Matters of moment, September 1986

The Hungarian Grand Prix

Quite apart from the Hungarian Grand Prix’s success as an event, it had a deeper success. The ethics which govern Formula One and those of a Marxist regime could hardly be more dissimilar, yet FOCA and the Hungarians cooperated superbly. It was using sport as it should be used, as a unifying element.

We have so often seen the reverse. The Commonwealth Games is a recent example of sport being used to divide, but there have been many other instances, not least the last two Olympic Games.

With the Hungarian Grand Prix, the Eastern Bloc could appreciate a sport which is uniquely of the West, while we could admire the way in which the Hungarians, with no previous experience of staging such an event, built a circuit, organised a race, and televised it to the world.

The race didn’t resolve the deep differences which continue between our two ideologies, but it was at least a friendly handshake between them. At best, sport is about the celebration of excellence and achievement which can be appreciated without regard to race, creed or politics, and the Hungarian Grand Prix was an example of this, a small bridge between nations.

We congratulate everyone involved in this event and hope we may look forward to it becoming a permanent fixture in the calender.

More Records by Peugeot diesels

Last month we referred to some splendid new British class records set at MIRA by some rather aged MG cars, a fuller account of which will be found in the MGCC’s magazine Safety Fast. Now comes news of some more such records, this time broken by modern Peugeot diesel-engined cars, also at the MIRA high-speed banked track.

Diesel-powered cars have shown much improvement in recent years over the concept as first applied to private cars and it is fitting that Peugeot should use a record-breaking bid that was notably successful to draw attention to its very worthy compression-ignition saloons. What Peugeot has done is to set 20 new British diesel-class records from five kilos to 24 hours in Class D (2,001-3,000 cc) at speeds of from 99.06 mph to 104.10 mph, the 24-hour record going to over 2,367 miles at 98.64 mph, and 28 fresh Class-E (1,501-2,000 cc) records, at speeds ranging from 49.02 mph (for the ss 1/2-kilo) to 100.40 mph, the 24-hour figure being 97.29 mph for nearly 2,335 miles. These commendable records were made with Peugeot 505 and 309 diesel-powered saloons, running on Shell diesel fuel and Michelin tyres, the drivers changing over every two hours, as is required at MIRA. At one time the Peugeot 505 was permitted to have a “tow” from its faster companion, which was not permitted in pre-war days. The cars used no oil.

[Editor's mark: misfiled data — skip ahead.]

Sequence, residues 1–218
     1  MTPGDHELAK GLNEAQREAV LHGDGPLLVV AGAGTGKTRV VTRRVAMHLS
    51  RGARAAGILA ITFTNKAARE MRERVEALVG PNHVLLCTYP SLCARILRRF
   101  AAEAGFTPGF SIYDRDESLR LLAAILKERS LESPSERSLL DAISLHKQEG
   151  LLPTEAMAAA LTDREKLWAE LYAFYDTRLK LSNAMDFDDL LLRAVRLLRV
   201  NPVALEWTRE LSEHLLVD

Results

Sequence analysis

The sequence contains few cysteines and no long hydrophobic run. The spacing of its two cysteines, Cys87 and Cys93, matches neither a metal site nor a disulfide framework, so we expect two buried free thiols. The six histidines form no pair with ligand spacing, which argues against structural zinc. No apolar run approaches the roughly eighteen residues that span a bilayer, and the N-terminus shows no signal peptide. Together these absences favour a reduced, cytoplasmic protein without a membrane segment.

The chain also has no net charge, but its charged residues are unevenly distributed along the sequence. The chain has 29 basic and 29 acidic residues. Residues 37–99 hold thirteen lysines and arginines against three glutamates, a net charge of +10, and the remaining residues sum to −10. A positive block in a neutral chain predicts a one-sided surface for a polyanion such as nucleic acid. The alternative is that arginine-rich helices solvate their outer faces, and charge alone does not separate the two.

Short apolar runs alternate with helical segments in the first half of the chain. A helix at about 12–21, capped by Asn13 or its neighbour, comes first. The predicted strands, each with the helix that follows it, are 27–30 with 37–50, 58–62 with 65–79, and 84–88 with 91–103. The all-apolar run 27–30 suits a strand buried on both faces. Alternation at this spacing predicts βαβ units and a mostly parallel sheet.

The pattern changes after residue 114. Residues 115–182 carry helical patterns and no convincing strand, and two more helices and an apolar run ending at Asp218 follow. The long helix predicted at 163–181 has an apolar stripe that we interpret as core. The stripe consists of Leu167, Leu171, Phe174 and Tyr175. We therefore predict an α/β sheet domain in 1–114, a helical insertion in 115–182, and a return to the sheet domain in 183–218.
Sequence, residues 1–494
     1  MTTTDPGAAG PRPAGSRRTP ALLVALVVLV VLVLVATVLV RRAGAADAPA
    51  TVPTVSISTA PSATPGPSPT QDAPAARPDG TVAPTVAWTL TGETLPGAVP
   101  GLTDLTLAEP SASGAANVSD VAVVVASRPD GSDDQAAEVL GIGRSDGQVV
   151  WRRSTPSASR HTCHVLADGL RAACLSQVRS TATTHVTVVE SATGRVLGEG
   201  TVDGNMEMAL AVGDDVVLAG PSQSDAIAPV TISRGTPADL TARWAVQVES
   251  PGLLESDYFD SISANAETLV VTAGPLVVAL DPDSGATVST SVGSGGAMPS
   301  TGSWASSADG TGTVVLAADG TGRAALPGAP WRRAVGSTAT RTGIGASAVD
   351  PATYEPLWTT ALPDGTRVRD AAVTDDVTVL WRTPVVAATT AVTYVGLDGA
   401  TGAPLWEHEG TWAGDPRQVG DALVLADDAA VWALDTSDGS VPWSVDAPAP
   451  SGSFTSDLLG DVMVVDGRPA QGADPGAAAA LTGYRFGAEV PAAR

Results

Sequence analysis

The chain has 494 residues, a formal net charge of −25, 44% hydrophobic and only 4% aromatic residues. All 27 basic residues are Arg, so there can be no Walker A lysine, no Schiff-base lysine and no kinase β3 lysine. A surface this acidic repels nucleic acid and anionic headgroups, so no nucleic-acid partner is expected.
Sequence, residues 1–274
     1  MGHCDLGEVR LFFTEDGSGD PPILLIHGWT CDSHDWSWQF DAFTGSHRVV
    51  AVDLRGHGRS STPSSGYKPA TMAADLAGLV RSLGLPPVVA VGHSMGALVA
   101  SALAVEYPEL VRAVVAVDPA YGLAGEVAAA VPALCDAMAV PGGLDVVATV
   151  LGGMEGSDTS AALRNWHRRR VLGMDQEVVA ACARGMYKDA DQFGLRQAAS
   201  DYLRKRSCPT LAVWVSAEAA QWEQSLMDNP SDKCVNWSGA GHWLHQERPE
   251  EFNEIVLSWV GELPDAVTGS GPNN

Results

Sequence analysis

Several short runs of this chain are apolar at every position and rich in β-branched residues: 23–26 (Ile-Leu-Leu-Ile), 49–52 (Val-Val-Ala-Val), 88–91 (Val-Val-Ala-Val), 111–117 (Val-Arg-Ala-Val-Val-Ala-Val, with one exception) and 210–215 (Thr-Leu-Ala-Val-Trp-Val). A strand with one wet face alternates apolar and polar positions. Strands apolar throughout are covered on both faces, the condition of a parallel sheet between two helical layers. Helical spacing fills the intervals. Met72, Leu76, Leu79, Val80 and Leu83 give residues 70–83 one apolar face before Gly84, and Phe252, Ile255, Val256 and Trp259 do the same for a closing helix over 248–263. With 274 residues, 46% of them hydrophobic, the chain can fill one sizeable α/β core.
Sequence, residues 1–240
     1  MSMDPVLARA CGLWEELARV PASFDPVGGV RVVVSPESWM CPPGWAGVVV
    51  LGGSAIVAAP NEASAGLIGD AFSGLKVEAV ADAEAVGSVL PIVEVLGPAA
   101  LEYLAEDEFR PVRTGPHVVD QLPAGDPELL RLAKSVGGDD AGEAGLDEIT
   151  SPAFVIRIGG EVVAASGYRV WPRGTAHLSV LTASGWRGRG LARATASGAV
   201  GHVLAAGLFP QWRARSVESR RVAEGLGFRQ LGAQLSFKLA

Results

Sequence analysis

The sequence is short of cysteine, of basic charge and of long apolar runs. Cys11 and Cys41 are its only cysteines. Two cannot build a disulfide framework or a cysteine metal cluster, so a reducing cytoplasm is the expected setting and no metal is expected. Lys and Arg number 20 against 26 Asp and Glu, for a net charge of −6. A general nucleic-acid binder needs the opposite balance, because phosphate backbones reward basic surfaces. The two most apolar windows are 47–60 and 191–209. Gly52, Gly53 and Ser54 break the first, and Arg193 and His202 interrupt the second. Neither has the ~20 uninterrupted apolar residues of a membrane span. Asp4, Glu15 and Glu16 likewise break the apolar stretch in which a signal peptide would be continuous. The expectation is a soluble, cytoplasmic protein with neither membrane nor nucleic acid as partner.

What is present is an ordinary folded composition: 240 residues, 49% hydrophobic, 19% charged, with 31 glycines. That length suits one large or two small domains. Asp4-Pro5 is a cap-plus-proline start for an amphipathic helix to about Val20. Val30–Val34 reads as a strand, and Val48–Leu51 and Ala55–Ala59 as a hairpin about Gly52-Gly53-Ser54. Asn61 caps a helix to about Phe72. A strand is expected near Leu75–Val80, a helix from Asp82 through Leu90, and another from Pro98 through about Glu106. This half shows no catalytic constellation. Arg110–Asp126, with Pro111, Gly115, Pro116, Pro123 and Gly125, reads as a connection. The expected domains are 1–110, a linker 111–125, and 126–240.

The diesel-class for record attacks was not officially recognised when that great “record man”, the late G.E.T. Eyston, demonstrated the 8.85 litre AEC (omnibus-engined) saloon at Brooklands in 1933, but later such records were given their rightful place in the record books, and the AEC’s 104.84 mph for the two-way kilo and R.J. Munday’s “flatiron” Thomas Special which he had turned into the Munday-Diesel by installing a Perkins c.i. power-unit of 2,744 cc, had their demonstration runs recognised as records, Munday with the f.s. kilo at 94.7 mph and the hour run at 88.23 mph, over fifty years ago. A weekly motor journal, reporting on the fine new records made by the diesel Peugeots, claimed that one of them had exceeded 2,000 miles in 24 hours in the c.i.-engine class for the first time. It did a grave injustice to the Eyston/Denly AEC saloon which, in 1937, covered over 2,324 miles in that period of time at Montlhéry, setting this record at 97.05 mph. Reverting the new Peugeot diesel records, when averaging around 98 mph the 505 GTD returned 21.38 mpg, the 505 SRD 19.04. mpg, the 309 GRD 28.93 mpg, and a 205 XLD gave a consumption of 32.48 mpg while averaging 92.16 mph. Bravo, Peugeot…